With less than a week to go before Paul Ezra Rhoades is scheduled to die by lethal injection at the Idaho State Maximum Security Institute, a federal judge is expected to rule on Monday whether he might postpone the execution.
Attorneys for Rhoades went before U.S. Magistrate Judge Ronald E. Bush Thursday to ask for the stay because of their concerns over Idaho's lethal injection protocol. The current procedure calls for a condemned prisoner to be given an anesthetic drug first, knocking him unconscious. Then, the execution team would administer a paralytic agent, preventing the condemned from moving or even drawing breath. Finally, an injection of potassium chloride stops the heart.
Officials with the Idaho Attorney General's Office argue that a federal court ruling in Kentucky has already considered the protocol and found that the method was not cruel and unusual punishment.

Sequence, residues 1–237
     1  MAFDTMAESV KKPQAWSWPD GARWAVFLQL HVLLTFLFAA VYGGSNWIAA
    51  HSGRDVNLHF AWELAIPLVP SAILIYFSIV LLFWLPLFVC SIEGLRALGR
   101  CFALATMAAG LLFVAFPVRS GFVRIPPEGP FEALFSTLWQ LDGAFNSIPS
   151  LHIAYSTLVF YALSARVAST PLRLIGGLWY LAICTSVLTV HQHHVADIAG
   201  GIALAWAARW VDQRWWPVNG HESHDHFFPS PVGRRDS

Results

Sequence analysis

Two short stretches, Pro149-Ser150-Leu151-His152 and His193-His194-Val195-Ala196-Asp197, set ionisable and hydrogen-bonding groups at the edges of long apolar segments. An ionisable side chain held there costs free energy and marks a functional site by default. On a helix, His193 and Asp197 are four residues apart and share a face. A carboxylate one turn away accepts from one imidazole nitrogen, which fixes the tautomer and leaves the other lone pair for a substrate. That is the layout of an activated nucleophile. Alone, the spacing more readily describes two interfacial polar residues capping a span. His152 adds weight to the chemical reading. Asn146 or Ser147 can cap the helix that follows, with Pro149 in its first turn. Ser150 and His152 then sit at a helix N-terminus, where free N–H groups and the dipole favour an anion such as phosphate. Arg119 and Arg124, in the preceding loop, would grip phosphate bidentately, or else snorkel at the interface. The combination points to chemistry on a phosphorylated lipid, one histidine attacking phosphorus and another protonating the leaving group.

Additionally, officials with the Idaho Department of Correction have indicated that members of the execution and medical teams all have at least one year of experience inserting IVs, checking for consciousness and administering medications.
Bush told the courtroom yesterday that he had "to consider the state's interest in seeing its judgment enforced." But he also added that Idaho had "a state correction system that to some degree looks like it's playing catch-up."
In the current edition of BW, we examine the details of the planned execution, including the make-up of the execution and medical teams, and the hour-to-hour and minute-to-minute procedure leading up to scheduled death-by-injection.